How to apply Kirchoof’s laws in Solar Design

In this blog I am going to explain how to apply Kirchoff’s laws to solar design. I will assume you are familiar with Ohm’s Law. These are powerful tools applicable to small residential systems as well as to utility scale projects.

They were first described in 1845 by German physicist Gustav Kirchhoff. This generalized the work of Georg Ohm and preceded the work of Maxwell.

Kirchoff’s Current Law (KCL): The algebraic sum of currents in a network of conductors meeting at a point is zero.

Image result for kirchoff's laws

Kirchoff’s Voltage Law (KVL): The directed sum of the electrical potential differences (voltage) around any closed network is zero.

figure535

These laws may sound very fancy in the beginning so I will try to explain them with a small commercial real world application.

Lets assume that we have the folowing PV system

  • 2 arrays of 266 modules each using Solarworld 230 Watts poly
  • System size is 266 x 2 x 230 = 122,360 watts or 122.36 Kw.
  • 1 PVPowered 100Kw transformer base inverter connected to a load side panel at 480V, 3P facility.
  • We will also assume string size of 14 modules, and 19 strings per array. Each array will have one combiner box. The setup is shown in Fig. 1 below.
example
Fig. 1: Single Line Diagram

String Level: Here we will apply the KVL to determine the string size. Since I am not providing temperature information, we will just do a rough calculation using the open circuit voltage (Voc) of one solar module. First we will assume that the inverter is 600Vdc rated and we all know that a string is composed by an specific number of solar modules in series. Checking the data sheet of the SW 230w poly module (Fig. 2), we can see that Voc = 36.9V, if we do the algebraic sum we get a string Voc of 516.6V which is less than 600V (Fig. 3). Again to get the exact string size we need the min ambient temperature where the modules will be installed. This blog is intended how to apply the KVL and KCL, I will discuss string sizing on a different blog.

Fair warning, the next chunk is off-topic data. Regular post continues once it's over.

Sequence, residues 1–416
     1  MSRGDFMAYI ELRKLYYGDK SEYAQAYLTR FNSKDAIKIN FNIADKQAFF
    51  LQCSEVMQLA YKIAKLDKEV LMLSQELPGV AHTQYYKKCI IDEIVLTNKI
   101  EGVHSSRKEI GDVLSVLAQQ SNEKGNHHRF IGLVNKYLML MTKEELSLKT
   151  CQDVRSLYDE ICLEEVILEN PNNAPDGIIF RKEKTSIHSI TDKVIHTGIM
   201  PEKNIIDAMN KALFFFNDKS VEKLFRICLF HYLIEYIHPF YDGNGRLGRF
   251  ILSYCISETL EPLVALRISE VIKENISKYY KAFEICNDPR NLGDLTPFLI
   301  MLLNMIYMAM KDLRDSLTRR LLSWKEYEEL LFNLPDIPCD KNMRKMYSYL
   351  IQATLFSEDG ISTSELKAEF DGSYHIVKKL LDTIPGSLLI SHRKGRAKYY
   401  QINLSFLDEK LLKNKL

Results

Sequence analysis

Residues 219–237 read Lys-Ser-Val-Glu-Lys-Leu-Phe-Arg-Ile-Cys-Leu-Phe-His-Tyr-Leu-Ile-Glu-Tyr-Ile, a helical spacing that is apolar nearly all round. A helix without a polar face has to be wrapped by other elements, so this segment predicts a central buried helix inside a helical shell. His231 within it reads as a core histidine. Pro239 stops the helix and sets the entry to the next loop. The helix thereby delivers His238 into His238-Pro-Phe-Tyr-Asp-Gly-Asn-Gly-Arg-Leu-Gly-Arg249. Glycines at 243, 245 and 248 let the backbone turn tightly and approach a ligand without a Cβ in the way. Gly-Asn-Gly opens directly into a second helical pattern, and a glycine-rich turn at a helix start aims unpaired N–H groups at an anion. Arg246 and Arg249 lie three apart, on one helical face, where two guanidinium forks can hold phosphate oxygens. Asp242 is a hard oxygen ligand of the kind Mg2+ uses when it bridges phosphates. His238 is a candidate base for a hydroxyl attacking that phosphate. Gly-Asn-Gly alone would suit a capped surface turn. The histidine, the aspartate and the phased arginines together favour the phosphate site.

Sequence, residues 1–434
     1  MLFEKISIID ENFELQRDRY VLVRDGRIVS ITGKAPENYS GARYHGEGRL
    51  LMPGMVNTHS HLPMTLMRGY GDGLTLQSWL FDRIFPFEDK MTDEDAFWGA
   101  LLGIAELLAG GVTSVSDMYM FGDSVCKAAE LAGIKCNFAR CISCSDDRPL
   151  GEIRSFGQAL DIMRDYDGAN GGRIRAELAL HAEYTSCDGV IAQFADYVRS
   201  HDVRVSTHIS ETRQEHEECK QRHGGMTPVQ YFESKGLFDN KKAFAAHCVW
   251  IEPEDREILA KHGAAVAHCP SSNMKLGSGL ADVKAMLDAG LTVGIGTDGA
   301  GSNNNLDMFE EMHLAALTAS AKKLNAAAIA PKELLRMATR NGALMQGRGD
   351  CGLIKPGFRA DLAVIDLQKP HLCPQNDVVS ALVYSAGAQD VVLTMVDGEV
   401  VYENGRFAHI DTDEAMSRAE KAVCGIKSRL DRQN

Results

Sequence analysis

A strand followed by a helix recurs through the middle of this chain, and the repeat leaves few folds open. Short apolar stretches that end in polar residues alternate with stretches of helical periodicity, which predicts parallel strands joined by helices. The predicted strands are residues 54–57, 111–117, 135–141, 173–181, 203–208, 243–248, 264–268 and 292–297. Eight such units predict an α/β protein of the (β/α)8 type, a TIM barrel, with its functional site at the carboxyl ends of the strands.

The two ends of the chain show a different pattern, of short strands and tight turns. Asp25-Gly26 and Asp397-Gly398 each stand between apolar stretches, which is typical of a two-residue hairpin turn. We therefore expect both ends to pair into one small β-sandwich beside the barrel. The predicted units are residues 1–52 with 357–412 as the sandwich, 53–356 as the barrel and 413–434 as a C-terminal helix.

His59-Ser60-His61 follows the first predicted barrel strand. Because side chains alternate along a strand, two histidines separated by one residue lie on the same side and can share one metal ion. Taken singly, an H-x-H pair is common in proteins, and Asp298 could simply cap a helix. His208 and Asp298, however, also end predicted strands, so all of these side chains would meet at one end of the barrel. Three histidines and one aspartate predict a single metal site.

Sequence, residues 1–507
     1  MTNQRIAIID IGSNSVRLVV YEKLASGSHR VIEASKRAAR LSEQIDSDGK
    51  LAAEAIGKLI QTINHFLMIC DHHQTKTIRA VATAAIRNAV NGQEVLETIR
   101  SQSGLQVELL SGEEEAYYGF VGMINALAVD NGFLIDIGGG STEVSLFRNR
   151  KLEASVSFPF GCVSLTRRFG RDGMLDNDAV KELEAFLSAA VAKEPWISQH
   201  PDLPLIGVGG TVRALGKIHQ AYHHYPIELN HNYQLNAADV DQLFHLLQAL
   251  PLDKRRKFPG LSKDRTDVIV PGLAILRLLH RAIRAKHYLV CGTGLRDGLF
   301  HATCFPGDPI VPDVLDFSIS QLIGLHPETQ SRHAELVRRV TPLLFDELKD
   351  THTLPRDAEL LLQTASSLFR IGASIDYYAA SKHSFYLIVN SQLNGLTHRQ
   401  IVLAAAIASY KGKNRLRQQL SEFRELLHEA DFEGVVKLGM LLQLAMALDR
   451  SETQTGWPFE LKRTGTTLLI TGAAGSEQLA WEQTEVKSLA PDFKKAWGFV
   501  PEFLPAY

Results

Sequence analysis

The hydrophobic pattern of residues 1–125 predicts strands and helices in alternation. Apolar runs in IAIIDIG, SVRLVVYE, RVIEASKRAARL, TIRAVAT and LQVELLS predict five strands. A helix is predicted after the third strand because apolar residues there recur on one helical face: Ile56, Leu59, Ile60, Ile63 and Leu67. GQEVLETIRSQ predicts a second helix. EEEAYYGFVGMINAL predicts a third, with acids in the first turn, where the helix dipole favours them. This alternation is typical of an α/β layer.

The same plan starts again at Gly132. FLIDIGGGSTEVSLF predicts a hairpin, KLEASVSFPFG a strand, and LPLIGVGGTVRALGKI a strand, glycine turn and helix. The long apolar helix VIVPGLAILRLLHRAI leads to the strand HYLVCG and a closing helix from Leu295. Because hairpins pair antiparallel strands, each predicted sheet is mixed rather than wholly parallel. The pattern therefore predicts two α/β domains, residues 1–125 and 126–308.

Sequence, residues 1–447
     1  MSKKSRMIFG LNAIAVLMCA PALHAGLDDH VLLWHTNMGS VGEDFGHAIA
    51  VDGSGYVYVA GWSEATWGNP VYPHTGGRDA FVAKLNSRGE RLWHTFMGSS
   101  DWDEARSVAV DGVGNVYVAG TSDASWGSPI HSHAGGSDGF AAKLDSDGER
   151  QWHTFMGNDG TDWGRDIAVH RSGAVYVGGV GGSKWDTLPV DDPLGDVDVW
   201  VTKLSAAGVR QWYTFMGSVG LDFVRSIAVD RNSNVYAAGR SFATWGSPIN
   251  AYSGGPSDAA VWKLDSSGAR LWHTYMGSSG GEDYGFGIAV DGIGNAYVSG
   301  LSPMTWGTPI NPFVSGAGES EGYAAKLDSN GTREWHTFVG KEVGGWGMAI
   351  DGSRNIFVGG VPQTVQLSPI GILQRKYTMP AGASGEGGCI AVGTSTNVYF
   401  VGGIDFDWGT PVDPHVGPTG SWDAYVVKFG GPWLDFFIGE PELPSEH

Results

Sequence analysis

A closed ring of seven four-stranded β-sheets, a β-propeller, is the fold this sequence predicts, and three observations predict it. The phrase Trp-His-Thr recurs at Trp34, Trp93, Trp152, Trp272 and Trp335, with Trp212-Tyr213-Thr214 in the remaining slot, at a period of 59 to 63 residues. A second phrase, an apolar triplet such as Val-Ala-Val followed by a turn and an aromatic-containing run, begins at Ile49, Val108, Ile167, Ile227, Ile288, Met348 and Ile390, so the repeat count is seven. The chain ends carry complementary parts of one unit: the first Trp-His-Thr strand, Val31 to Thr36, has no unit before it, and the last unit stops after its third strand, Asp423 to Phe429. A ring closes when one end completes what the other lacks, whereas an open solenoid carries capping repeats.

230poly
Fig. 2: SW 230W Poly data sheet
str
Fig. 3: 1 String of 14 modules

Combiner Box Level: Let’s say we need to determine the Amp rating of the combiner boxes shown in Fig.1. We can apply the KCL using the Isc (8.25A) of the module. As depicted in Fig.1 we have 19 strings on each combiner, so the algebraic current sum is 156.75A, then we need to apply NEC factors:

(Equipment rated for continuous use) 1.25x 156.75A = 195.93A: 200A combiner

(Equipment not rated for continuous use) 1.56x 156.75A= 244.92A: 400A combiner

Inverter Level: Here we will apply the KCL again. The total input current will be algebraic current sum of the 2 combiner boxes output current. Here we will use the current at normal operating conditions which is the Imp. So doing the math for each combiner we get 7.72A x 19 = 146.68A. The total input current is 146.68A x 2 = 293.36A

Note that no fuses are needed at the input of the inverter because 2 identical “big” strings are connected to the same node input. If more than 2 combiners are used then fusing is also required at the inverter.

 

 

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